I was late yesterday morning. (To where isn't important). I wasn't the only person to arrive late. Some still-unexplained though not uncommon phenomenon had turned a twenty-five minute drive into an hour.
The equanimity of the folks arriving late was uncharacteristic of the modern world: enough so that people started talking about it. A lovely pregnant woman related how two thirty-something self-besuited males (I will not say men, though that is the word she used) shoved roughly past her and an elderly woman in order to get the elevator.
That got me to wondering how much the drive in had helped condition the attitude of the narcissuits.
One bit of fatherly advice I used to get regularly was that the good big man beats the good little man every time. It is excellent advice in general. But it has probably become less important since the advent of the Equalizer: a technology the function of which is to make the big man and the little man more equal:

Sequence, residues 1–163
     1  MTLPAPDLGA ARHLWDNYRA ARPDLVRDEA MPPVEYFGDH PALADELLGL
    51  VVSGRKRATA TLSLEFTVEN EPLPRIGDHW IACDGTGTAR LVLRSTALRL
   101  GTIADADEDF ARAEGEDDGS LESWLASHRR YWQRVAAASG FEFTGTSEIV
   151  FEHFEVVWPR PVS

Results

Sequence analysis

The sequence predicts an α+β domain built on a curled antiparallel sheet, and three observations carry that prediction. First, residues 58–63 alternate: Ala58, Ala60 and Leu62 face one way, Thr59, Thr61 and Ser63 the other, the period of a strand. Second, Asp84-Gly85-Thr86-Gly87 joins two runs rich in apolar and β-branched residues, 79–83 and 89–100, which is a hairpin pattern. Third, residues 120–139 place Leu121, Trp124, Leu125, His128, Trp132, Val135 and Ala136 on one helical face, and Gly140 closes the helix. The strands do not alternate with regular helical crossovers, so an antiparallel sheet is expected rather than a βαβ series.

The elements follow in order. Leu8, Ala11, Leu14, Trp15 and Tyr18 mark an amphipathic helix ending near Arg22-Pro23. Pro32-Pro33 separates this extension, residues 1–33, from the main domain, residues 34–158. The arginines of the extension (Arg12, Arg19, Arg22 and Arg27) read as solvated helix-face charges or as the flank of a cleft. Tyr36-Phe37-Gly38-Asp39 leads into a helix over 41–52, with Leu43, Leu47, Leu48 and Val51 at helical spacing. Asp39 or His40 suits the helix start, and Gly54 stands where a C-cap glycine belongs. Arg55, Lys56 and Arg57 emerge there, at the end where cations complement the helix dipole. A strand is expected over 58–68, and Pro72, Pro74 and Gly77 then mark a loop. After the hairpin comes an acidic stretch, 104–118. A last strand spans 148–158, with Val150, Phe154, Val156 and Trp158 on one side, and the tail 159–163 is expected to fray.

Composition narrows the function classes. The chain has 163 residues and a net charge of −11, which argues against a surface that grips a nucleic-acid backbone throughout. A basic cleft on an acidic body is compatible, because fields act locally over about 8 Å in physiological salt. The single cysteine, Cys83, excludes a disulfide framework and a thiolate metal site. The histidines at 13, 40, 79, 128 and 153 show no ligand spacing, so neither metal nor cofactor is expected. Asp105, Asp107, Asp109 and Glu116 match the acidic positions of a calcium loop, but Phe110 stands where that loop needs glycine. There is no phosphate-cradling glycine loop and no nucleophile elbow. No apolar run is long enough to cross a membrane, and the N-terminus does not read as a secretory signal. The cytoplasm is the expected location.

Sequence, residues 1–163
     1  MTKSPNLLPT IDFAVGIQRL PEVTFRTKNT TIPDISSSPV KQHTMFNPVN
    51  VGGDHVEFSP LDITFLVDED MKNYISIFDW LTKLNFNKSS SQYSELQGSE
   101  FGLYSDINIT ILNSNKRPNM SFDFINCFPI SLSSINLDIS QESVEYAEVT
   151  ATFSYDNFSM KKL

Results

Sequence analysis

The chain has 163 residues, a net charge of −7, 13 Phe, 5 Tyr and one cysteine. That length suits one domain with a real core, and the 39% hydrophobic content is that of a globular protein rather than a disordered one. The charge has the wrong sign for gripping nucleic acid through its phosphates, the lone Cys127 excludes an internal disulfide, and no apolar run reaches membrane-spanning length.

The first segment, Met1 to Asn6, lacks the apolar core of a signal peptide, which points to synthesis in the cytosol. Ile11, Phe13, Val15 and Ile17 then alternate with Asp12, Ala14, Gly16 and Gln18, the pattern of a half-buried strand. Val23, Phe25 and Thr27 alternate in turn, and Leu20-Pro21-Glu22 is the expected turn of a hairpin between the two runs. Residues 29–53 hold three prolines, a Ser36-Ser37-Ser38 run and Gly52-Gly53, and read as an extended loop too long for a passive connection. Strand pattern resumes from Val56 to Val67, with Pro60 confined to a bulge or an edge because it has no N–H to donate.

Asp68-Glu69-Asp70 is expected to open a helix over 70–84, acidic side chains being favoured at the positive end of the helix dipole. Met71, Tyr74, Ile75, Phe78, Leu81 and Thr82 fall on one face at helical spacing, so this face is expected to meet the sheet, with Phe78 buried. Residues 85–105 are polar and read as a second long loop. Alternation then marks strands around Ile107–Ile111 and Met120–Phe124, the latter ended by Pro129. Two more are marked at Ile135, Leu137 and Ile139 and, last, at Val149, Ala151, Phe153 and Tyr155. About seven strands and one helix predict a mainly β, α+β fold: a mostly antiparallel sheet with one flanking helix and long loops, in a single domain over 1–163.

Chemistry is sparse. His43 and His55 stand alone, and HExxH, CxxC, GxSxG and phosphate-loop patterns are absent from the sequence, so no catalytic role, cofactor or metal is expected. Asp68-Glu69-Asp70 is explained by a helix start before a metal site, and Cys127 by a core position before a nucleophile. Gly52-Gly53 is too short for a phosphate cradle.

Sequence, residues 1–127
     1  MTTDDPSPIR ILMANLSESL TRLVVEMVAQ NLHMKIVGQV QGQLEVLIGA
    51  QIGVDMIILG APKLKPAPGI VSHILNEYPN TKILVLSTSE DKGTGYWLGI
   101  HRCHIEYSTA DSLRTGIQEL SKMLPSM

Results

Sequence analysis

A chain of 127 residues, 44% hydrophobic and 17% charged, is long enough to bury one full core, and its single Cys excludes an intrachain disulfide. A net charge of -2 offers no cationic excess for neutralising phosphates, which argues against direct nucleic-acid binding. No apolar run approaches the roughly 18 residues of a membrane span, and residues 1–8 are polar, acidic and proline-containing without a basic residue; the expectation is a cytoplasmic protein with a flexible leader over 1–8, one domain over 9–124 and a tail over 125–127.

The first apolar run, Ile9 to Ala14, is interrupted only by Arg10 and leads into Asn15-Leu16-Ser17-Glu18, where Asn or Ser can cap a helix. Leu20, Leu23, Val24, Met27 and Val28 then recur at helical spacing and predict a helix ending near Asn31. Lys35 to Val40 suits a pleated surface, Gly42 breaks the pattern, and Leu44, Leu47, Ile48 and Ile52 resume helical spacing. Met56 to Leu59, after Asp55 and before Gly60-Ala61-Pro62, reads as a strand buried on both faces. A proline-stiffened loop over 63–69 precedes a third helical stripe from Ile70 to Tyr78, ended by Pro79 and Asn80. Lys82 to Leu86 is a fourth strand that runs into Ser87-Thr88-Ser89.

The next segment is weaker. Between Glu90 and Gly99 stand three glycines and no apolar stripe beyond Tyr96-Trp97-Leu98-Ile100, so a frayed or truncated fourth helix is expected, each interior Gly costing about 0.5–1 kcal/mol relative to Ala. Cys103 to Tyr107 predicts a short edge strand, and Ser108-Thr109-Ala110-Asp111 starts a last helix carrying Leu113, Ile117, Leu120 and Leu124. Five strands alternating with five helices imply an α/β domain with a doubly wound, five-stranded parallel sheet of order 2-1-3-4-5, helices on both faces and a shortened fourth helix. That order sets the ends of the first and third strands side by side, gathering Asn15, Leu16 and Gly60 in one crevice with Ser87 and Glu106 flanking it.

And what the revolver did for men, the automobile has done between the sexes. There is no more democratic environment than the roadways. Most of the time you can't tell what sort of person is in the cars around you at all. The enveloping machine puts everyone on exactly equal footing, erasing the distinctives of personal contact. Masculine and feminine are obscured in a sea of metal, fumes, rubber, paint, chrome, frustration, and middle fingers. The car, even more than the revolver, is the great equalizer:
The Equalizer II
And that ain't no way to treat a lady.